A chronic condition, which causes bladder pressure, bladder pain and sometimes pelvic pain, is called interstitial cystitis. It is also called painful bladder syndrome. The range of the pain is from mild discomfort to severe. If it happens, one must go to the top urologist for treatment.
Urine is stored in the bladder, which is a hollow, muscular organ. When the bladder is full, it expands and then the brain gets signal from it through the pelvic nerves that it is time to urinate. For most people, this creates the urge to urinate. All these signals get mixed up if you are suffering from interstitial cystitis. The need to urinate is felt by you more often and that too with smaller volumes of urine than most people. Women are most often affected by interstitial cystitis, which can have a long-lasting impact on quality of life. Medicines and other therapies may offer relief, but there is no cure.


From person to person, there is variation in the signs and symptoms of interstitial cystitis. Your symptoms may also vary over time, periodically flaring in response to some common triggers, if you have interstitial cystitis. Some of these triggers are menstruation, sitting for a long time, stress, exercise and sexual activity.
The signs and symptoms of interstitial cystitis include:

  • There is pain between the vagina and anus in women and pain in the pelvis of men.

  • There is a pain in the perineum, which is between the scrotum and anus in men.

  • There is a chronic pelvic pain.

  • There is a persistent, urgent need for urination.

  • Throughout the day and night, there is frequent urination, often of small amounts. The number may be up to 60 times a day.

  • While the bladder fills and relief after urinating, pain or discomfort is felt.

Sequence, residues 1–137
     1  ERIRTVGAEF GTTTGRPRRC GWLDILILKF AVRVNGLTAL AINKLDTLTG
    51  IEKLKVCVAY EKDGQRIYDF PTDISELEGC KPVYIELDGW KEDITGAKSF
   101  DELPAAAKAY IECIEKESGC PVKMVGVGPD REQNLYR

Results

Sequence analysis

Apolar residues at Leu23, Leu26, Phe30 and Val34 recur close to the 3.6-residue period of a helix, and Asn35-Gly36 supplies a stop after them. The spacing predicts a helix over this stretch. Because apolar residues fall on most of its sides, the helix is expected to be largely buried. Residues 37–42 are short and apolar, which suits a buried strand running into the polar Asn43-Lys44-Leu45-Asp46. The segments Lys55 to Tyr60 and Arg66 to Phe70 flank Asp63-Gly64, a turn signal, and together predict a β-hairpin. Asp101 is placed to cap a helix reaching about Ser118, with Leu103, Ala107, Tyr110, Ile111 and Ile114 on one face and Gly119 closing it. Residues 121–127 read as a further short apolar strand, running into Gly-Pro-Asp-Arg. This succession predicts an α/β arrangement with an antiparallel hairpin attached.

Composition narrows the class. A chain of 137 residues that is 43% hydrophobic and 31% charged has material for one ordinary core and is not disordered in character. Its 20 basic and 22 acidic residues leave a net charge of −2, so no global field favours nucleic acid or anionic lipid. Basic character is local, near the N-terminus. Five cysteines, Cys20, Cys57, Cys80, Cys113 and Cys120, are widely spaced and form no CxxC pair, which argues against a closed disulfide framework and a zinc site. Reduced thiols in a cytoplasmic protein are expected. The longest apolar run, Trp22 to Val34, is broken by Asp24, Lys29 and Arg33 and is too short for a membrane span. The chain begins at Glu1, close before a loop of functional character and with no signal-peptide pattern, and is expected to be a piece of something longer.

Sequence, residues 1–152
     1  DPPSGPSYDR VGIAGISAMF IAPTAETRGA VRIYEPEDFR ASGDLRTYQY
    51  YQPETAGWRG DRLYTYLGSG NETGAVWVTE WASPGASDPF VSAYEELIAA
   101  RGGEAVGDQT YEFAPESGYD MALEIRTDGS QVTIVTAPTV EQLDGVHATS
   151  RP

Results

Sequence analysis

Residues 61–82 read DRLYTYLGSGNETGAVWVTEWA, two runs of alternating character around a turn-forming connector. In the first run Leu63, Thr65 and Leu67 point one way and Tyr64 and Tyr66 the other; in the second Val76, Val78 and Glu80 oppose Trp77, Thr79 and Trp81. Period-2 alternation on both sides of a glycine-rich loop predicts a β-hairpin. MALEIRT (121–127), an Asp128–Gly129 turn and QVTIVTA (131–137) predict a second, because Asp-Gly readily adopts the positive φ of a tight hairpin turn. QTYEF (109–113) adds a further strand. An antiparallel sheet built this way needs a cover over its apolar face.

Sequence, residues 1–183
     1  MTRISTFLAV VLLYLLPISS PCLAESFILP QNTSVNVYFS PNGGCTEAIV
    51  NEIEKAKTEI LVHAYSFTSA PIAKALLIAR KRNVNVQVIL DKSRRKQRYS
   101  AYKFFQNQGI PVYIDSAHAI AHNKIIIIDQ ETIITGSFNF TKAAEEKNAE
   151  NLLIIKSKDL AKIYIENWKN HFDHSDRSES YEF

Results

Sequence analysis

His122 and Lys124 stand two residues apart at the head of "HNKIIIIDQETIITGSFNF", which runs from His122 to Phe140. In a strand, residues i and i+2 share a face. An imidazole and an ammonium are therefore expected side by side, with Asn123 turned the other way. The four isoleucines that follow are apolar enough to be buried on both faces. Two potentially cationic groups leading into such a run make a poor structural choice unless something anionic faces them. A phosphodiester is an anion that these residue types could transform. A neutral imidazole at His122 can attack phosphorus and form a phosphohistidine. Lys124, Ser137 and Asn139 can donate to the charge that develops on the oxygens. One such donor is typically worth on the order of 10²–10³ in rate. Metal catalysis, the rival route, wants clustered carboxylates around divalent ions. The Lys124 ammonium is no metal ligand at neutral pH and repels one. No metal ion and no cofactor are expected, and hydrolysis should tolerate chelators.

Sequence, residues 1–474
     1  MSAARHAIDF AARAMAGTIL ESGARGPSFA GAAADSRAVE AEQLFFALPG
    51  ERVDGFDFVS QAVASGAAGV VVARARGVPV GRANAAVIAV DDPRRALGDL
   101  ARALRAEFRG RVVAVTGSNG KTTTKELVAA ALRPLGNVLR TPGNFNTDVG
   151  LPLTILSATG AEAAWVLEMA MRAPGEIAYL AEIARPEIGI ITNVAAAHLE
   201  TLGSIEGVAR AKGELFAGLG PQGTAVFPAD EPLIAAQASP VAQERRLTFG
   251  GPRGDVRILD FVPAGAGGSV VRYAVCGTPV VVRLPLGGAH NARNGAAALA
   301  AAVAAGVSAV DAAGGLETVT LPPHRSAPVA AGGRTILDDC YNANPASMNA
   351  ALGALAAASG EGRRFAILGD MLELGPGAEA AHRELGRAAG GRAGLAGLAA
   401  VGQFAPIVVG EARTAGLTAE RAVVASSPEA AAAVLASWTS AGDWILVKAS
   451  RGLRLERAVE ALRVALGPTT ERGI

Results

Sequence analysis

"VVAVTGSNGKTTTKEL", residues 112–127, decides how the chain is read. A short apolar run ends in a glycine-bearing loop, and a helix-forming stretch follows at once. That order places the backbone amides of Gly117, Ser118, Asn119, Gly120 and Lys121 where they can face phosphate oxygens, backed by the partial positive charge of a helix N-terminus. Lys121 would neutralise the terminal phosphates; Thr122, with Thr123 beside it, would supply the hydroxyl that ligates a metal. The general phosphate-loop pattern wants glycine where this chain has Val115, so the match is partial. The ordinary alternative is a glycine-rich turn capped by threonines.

• Pain during sex in women.

  • Pain during orgasm or after sex in men.


For everyone, the severity of symptoms is different. Symptom-free periods may be experienced by some people. There is usually no infection although there may be a resemblance between the signs and symptoms of interstitial cystitis and chronic urinary tract infection.
Contact your urologist if you are experiencing chronic bladder pain or urinary urgency and frequency.


There are several ideas, but it’s not clear why interstitial cystitis happens. There may be also a defect in the protective lining (epithelium) of the bladder. Toxic substances in the urine irritate your bladder wall due to a leak in the epithelium. An autoimmune reaction, heredity, infection or allergy are other possible but unproven contributing factors. A urology specialist can explain the proper cause in any particular case.
Risk factors
A higher risk of interstitial cystitis is based on the following factors:

  • Your sex.Interstitial cystitis is found in women more often than men. Symptoms in men are more often associated with an inflammation of the prostate gland (prostatitis), though they may mimic interstitial cystitis.

  • Your skin and hair colour. There is a greater risk of interstitial cystitis in those having fair skin and red hair.